Female cancer survivors are low responders and have reduced success compared with other patients undergoing assisted reproductive technologies
Female cancer survivors who have received systemic therapy have lower pregnancy and live birth rates and a relatively high risk for cycle cancellation in ART compared with other infertility patients.
Sara E. Barton, M.D., Stacey A. Missmer, Sc.D., Katharine F. Berry, M.A., Elizabeth S. Ginsburg, M.D.
Volume 97, Issue 2 , Pages 381-386, February 2012
To investigate the effect of prior chemotherapy and radiation on assisted reproductive technology (ART) outcomes.
Retrospective cohort study.
University-based infertility clinic.
Female cancer survivors who had received chemotherapy or radiation and all other women undergoing first-fresh IVF/intracytoplasmic sperm injection (ICSI) cycles.
Survivors’ ART outcomes were compared with all women undergoing first-fresh IVF/ICSI cycles and those with male-factor infertility only. Multivariate logistic and Poisson regression analyses were used to estimate the effect of cancer therapy on ART outcomes.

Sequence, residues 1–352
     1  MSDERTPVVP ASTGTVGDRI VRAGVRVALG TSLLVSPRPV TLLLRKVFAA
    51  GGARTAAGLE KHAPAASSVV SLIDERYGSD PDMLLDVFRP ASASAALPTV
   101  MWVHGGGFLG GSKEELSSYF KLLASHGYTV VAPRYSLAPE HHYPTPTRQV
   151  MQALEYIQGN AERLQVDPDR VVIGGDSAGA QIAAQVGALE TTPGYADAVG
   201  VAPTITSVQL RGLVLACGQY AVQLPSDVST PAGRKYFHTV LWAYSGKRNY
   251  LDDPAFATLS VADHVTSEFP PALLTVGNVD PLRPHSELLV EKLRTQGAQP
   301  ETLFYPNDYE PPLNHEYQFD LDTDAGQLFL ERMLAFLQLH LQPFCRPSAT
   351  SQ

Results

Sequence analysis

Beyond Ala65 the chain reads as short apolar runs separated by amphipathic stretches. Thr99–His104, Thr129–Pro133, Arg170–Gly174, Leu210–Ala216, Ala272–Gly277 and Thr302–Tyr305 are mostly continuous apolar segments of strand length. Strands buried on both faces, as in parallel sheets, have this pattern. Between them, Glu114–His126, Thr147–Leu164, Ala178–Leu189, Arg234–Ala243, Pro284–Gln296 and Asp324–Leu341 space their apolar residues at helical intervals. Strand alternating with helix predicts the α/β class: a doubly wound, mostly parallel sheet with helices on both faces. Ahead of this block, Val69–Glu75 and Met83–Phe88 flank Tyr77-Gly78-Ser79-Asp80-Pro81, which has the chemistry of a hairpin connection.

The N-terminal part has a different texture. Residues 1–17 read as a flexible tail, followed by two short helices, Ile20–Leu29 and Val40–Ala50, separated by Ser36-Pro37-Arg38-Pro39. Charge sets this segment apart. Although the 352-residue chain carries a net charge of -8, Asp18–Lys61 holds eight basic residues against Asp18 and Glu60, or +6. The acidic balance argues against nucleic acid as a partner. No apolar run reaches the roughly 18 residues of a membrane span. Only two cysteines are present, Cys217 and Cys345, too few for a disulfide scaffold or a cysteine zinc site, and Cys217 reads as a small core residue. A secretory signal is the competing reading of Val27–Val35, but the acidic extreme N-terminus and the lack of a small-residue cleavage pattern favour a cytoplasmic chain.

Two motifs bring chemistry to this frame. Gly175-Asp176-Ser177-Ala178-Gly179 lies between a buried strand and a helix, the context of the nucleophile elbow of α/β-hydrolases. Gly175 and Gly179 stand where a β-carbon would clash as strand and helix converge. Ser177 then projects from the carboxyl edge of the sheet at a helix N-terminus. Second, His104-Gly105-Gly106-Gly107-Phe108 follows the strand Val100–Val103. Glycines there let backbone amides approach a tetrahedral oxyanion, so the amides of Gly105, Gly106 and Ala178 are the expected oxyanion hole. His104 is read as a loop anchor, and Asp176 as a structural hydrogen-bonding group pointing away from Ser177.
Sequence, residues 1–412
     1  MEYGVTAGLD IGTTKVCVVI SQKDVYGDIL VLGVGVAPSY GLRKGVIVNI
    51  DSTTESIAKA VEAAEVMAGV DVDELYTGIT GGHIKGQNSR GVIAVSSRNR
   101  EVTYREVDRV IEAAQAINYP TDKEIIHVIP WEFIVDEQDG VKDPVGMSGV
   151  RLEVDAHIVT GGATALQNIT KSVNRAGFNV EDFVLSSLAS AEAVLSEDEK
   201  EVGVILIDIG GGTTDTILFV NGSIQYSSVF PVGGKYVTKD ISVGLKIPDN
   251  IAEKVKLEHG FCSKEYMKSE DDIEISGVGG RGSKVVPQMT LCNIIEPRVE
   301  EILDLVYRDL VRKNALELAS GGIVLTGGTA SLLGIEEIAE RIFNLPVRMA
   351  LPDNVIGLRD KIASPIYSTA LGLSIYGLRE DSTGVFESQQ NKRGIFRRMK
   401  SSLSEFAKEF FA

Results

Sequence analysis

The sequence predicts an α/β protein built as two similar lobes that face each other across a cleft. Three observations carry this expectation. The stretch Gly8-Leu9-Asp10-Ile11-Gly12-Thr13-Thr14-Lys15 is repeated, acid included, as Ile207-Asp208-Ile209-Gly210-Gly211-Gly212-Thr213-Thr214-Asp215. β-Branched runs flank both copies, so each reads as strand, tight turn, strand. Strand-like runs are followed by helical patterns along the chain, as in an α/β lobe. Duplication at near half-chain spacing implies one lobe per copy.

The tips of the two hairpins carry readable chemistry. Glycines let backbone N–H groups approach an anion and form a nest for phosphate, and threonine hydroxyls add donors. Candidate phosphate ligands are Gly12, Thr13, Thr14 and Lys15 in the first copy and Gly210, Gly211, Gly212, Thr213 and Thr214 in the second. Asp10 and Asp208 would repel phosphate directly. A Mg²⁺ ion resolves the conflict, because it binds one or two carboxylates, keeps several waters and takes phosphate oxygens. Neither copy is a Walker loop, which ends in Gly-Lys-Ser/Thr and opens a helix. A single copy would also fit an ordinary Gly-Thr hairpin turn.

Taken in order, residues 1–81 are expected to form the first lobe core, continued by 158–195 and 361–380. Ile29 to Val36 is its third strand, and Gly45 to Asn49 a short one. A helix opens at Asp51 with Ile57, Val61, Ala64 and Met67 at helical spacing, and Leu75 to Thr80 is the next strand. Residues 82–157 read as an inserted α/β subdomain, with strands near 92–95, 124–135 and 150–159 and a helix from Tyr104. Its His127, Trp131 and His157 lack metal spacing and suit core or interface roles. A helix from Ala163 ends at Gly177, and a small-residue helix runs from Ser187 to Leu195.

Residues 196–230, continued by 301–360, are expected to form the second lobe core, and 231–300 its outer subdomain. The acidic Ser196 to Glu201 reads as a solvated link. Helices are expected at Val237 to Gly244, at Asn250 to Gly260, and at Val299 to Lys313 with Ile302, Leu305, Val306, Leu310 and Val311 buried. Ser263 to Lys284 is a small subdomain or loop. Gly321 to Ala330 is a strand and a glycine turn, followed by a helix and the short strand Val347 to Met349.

Main Outcomes Measure(s):
Number of oocytes retrieved and embryos obtained; odds of cycle cancelation, clinical pregnancy, and live birth.
Compared with others undergoing IVF/ICSI, survivors had significantly fewer oocytes retrieved and embryos available for transfer. In addition, survivors were significantly more likely to be canceled (odds ratio [OR] 5.60, 95% CI 2.94–10.66) and had lower pregnancy and live birth rates (OR 0.30, 95% CI 0.13–0.68; and OR 0.27, 95% CI 0.10–0.69; respectively). Odds ratios were stronger when the comparison group was restricted to those with male-factor infertility only.
Women who have received systemic therapy for malignancy should be considered to be low responders and counseled that their per-cycle live birth rate is lower than that of their peers. These data strongly support offering fertility preservation before cancer therapy when possible.